My wife and I recently moved. We’re in a bigger place now. And part of what sold me on this house is the availability of space for me to set up a modest woodworking shop in the garage. I haven’t been able to do any serious woodworking in 2 decades.
There is one small glitch with that concept: I don’t have much in the way of tools. I also don’t have much in the way of money. Luckily, a rather well known “discount” tool company just opened a store in my town. I was able to get most of what I need for a reasonable amount of money. Are they pro-grade tools that will last a lifetime? Not even close. Will they get me started? Damn skippy.
Let’s talk about chisels for a moment:
Chisels are a mainstay in traditional woodworking. They are relatively “primitive” and have been around since ancient Egypt. A sharpened hunk of metal and a handle. You can’t get any more simple. But they are extremely versatile in the hands of a skilled craftsman.
And a good set can cost a good chunk of coin. However, said discount tool outlet has a 5 piece set for right around $15. That said, out of the box, they are terrible. The backs aren’t flat. The bevel isn’t smooth. They are about as sharp as a butter knife. And the handles leave a little to be desired.
But a little bit of time can fix all that. It wont replace the chrome vanadium with good Sheffield steel. But it will turn a box of paperweights into usable tools. Maybe an hour to an hour and a half worth of work per piece.
But we’re not actually talking about cheap tools today:
Spend enough time looking for woodworking supplies and you’re bound to come across something called the “scary sharp sharpening system”. At the most basic level, it involves a flat piece of glass with sandpaper glued to it.
We’re not going to get into the intricacies of the system, nor the various pros and cons of it. I’m not going to knock the system. Because it works. You can get an amazing edge with it. Without ever having heard of it, I incorporated part of it into my sharpening routine. However, instead of going all the way to final “polish” with abrasive paper/film, I use 220 grit to set a bevel (if needed) and switch to my water stones. My stones start at 400 and go up to 1000. Which wont give you a mirror polished edge. But you can shave with my knives.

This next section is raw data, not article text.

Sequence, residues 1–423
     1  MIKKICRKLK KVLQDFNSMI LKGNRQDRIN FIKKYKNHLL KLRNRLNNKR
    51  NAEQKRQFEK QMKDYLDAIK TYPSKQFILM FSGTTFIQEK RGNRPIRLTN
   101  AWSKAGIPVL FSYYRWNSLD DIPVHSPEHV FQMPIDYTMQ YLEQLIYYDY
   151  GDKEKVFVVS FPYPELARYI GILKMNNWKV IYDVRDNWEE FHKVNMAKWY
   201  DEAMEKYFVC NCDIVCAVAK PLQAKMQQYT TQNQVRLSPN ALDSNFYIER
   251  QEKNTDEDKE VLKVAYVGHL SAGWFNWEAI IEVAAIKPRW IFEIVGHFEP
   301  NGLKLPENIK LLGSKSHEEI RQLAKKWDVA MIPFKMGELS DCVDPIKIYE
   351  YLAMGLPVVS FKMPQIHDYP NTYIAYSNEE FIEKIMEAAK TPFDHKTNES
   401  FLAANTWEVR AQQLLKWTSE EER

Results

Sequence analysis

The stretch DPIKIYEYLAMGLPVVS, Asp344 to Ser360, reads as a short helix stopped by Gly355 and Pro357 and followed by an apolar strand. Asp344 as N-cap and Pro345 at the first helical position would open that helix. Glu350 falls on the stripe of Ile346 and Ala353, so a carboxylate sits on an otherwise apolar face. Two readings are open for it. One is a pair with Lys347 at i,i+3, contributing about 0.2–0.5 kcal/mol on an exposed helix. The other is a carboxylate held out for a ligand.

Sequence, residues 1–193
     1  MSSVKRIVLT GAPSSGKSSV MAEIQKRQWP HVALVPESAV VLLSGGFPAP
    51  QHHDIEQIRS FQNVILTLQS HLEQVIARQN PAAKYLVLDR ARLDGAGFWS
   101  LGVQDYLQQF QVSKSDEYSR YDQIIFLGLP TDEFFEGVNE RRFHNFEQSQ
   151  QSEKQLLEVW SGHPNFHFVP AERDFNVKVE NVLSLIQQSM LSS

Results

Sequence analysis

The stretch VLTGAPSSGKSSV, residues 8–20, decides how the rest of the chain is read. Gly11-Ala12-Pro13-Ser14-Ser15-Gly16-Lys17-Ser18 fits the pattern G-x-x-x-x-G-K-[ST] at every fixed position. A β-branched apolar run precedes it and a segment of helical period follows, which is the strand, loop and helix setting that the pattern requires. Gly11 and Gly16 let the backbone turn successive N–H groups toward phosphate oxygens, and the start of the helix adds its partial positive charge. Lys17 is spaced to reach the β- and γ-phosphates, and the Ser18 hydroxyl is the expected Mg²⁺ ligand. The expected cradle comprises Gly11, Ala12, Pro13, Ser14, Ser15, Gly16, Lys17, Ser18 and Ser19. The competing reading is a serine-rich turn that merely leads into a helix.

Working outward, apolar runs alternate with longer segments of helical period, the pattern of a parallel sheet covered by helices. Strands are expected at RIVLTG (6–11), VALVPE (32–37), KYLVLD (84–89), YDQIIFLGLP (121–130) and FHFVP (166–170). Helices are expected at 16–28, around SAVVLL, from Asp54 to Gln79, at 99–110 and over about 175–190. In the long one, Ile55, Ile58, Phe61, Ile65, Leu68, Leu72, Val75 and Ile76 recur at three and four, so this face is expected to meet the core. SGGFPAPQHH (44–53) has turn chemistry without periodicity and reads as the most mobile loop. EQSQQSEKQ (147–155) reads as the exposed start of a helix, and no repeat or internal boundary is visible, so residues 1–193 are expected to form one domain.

And now we get to the actual point:
When it came time to start reworking my cheap chisels, I put some effort into finding a piece of float glass to use as a base. Glass thick enough to not break when you look at it funny can get expensive. Maybe I wasn’t looking in the right places, but I couldn’t find any for a price I was willing to pay. Then I had an epiphany…
Why are people constantly trying to reinvent the wheel? The humble chisel has been in use for thousands of years. For the vast majority of that history, people have sharpened their chisels by rubbing them on rocks. I’m building boxes and tables and shit. Not parts for a Mars rover. Not medical grade equipment. Not even musical instruments. Just normal everyday stuff.
Good enough is good enough
Perfection is unattainable.
I wont argue that a sharp chisel is the way to go. A dull cutting edge on anything is inherently more dangerous than razor sharp. A dull edge is more likely to slip and cut something you don’t want cut. Like you for example. The vast majority of cuts I’ve sustained have been because I was using a dull blade that slipped.
But, if we’re being honest, you don’t need to be able to slice tomatoes paper thin with a woodworking chisel. I don’t care how good the steel is, the first time you cut a mortise with it, it isn’t going to cut tomatoes anymore. In order to maintain that kind of edge, you’d have to sharpen it every damned day.
So why not just establish a good working edge and move on to the actual work at hand?
Chasing perfection is counter productive. Sometimes, you just have to let good enough be good enough. Don’t spend more time sharpening your tools than you do actually working with them.